Peeling pines, slicing sap, raw chicken under that, turning trees into fence posts, hands into tape, reshape sticks so they can be stuck eight feet apart along a property line older than I am. The land is the oldest member of the family. With some grandchildren pushing half a century. We could build a barn from a thinning, a clear cutting would only be the beginning of paying the bills and paving the fields that stretch pasture horizons. So I’m building fences the way Noah did his boat. Like a crazy person. Doing more work to pay into a belief than some do to pay their bills. Building to fulfill a future billing. One only I can see through the trees, which are thick and stifling, and create long winding hallways like the labyrinth planted by dead grandpa Dedalus, his one and only son couldn’t help but fly so close to the other one, forty years spent self-exiled from his own inheritance. So his wings melted. Feathers scattered. Wax splattered.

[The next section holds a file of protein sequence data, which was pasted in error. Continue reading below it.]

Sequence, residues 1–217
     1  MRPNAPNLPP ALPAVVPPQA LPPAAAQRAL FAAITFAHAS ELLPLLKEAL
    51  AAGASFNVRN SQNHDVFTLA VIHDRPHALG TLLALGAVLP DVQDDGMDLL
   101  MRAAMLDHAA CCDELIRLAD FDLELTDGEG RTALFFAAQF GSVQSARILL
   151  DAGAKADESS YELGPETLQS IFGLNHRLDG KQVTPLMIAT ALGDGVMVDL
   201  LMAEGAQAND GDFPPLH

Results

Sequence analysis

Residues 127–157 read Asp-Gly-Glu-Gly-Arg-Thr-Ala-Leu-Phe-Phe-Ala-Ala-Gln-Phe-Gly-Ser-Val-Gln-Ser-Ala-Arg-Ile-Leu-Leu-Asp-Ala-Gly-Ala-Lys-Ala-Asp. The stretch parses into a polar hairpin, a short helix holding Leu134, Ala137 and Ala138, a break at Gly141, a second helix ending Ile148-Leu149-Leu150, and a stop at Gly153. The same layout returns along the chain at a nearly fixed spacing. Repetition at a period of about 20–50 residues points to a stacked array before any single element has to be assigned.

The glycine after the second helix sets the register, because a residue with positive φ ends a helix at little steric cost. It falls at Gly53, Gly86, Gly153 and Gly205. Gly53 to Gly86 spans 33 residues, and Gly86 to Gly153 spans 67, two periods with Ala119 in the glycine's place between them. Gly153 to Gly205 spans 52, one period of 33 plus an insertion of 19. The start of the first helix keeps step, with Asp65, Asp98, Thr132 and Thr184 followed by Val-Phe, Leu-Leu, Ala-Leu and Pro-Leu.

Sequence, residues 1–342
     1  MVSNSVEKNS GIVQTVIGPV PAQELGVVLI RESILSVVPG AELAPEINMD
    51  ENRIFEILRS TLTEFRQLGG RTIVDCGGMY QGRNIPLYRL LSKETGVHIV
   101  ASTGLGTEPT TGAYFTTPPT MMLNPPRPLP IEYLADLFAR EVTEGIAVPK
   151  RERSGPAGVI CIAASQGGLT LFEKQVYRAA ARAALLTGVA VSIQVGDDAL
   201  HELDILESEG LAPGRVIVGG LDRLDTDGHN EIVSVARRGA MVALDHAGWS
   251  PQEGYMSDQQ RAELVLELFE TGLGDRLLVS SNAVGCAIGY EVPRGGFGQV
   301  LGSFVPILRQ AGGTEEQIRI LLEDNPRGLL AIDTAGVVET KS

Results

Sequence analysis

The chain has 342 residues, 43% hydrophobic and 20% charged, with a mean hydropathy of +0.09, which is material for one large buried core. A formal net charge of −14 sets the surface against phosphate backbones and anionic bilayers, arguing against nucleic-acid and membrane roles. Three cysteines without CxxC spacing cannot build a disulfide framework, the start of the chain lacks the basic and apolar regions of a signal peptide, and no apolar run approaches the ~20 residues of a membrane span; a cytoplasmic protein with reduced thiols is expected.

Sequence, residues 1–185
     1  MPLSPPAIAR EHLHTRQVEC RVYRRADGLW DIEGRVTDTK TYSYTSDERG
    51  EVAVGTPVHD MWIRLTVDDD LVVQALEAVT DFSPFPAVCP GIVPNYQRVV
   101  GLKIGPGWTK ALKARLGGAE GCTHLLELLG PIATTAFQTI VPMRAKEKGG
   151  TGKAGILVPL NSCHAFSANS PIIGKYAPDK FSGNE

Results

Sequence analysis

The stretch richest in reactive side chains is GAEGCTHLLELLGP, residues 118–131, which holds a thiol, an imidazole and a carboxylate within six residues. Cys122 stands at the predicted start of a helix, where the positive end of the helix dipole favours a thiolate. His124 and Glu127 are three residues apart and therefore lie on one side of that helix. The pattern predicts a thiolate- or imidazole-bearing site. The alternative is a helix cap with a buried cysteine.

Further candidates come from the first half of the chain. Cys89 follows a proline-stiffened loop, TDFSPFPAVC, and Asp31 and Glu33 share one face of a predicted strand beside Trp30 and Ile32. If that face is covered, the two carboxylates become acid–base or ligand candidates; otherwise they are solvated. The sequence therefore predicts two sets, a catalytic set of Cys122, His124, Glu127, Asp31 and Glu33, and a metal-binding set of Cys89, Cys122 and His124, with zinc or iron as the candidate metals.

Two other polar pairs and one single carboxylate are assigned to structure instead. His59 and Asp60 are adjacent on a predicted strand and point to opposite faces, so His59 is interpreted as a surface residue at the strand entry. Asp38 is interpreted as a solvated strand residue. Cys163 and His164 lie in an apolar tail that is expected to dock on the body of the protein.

When I got here, a Minotaur was running the farm milking swollen titans and twisting venomous serpents striped the stumps, Medusa did no chores but loved to hump, hissing valkyries laid their eggs but no one came to collect them, no one cut the grass, no one shut the gate. When I got here, the land was farmed by fate. I showed up ten years too late. Like some kind of agricultural Theseus. Still trying and almost dying to prove our selves to parents who don’t belong to us, and who we never belonged to in the first place.
Humanity, forever children, just, children of the Gods.